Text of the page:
Ringworm is also a very common infection.  It is not a worm but a fungus, which grows in a ring formation like mushrooms!  It is usually the fungus called Microsporum canis and it lives in the soil as well as on skin.  It is as easy for children to get ringworm from another child (at preschool etc.), as it is to get it from a kitten.

Ringworm usually only infects the young, the pregnant and the elderly or those whose immune system is not working very well.  It is easy to treat with creams (on humans) and shampoos and tablets in kitten.  Again, adult cats rarely carry the fungus unless their immune system is compromised.

Giardia and Cryptosporidia

Giardia and Cryptosporidia, both of which cause diarrhoea, are often water-borne, and you can get them from the same source as your cat might.  You can transmit them to your cat, too.  However, once again, litter tray hygiene is usually sufficient to limit the problem.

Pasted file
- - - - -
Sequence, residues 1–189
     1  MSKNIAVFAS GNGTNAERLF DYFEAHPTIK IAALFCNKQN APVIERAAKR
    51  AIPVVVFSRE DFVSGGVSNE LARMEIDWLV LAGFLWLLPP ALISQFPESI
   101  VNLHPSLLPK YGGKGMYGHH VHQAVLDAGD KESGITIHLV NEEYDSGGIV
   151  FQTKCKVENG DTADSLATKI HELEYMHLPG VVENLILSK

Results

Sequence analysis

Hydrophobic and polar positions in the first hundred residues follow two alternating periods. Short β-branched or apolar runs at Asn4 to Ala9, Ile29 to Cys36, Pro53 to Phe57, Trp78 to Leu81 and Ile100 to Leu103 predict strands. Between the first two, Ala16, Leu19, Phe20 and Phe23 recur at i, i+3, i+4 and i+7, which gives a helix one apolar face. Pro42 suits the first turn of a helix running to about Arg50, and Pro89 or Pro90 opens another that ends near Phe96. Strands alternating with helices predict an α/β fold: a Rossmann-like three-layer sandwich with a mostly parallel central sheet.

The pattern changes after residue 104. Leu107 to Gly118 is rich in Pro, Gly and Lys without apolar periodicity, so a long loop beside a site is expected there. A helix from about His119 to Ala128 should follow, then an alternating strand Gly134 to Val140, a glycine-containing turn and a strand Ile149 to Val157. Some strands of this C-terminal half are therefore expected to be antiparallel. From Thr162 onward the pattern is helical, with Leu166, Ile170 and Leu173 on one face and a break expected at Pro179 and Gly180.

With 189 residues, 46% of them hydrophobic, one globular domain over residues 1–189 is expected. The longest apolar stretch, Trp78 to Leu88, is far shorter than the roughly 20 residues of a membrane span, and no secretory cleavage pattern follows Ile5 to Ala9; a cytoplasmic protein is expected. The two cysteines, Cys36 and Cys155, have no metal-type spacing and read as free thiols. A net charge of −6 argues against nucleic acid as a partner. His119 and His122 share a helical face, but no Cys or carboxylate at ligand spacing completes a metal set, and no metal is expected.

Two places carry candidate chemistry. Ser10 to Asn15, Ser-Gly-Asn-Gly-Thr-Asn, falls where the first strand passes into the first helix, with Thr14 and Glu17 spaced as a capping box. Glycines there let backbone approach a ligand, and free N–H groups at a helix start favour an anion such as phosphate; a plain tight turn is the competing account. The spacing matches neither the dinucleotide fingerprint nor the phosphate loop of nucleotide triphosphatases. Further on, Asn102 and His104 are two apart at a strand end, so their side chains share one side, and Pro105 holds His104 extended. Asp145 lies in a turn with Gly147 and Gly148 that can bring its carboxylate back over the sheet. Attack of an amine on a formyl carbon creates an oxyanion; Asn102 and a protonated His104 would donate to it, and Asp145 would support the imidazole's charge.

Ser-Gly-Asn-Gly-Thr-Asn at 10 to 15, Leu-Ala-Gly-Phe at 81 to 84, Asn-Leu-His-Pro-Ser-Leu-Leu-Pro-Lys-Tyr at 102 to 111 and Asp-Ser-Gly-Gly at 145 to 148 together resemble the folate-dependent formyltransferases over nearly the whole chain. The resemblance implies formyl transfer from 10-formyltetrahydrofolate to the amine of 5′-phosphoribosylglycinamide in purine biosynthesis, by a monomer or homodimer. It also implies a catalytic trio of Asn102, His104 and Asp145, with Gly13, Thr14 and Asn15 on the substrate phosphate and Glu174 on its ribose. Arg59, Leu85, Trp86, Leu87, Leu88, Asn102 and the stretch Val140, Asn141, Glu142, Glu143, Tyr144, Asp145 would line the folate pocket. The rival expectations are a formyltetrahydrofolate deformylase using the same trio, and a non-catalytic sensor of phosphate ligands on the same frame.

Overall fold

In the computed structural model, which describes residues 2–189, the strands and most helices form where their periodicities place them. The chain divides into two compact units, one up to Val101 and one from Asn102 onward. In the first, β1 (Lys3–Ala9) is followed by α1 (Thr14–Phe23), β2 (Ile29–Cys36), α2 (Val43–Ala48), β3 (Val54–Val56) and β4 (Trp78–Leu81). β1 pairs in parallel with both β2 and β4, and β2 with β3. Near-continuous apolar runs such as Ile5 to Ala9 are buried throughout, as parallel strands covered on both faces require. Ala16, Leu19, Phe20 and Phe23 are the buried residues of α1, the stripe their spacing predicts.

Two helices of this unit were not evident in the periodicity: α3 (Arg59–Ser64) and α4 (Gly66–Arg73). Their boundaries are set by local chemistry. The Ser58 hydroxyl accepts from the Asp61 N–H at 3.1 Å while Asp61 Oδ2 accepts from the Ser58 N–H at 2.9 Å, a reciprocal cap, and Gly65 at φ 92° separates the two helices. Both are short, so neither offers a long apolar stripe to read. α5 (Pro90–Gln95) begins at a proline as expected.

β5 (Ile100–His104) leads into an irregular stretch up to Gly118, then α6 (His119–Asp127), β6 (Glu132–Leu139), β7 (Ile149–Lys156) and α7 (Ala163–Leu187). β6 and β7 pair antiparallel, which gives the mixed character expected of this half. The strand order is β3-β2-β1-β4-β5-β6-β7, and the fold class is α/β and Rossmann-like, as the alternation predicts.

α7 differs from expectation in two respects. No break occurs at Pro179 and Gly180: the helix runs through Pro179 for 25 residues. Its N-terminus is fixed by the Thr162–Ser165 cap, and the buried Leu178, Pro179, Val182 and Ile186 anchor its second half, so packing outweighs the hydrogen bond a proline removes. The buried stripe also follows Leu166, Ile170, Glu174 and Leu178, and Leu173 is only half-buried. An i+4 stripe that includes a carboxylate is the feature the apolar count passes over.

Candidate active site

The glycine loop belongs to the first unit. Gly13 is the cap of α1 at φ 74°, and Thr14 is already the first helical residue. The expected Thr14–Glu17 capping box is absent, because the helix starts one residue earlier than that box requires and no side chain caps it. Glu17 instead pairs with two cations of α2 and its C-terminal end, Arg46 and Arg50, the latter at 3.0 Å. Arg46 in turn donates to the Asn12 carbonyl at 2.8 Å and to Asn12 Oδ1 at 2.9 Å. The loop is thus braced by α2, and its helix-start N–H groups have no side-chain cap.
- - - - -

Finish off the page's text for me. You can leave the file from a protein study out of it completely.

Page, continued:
Similarly, Salmonella comes from meat, especially ‘mass cooled’ chicken which is dragged through a water bath.  The bacteria is a normal resident in our noses, as well as cats’ (and many other animals’) intestines. The symptoms of vomiting and diarrhoea are the same for cats and humans but then can also be transmitted if hygienic methods are not practised.  Once again, the major source of this type of food poisoning is either undercooking, or cross contamination between fresh and cooked meat.

Cat bites & scratches

So really, the biggest problem you can get from your cat is a cat bite, and these are not to be ignored.  While the frequency of cat bites is much less than dog bites (cats give lots of warning and will try to get away rather than bite), they are very infective and not to be taken lightly.  Some people are very susceptible to blood poisoning from just one bite.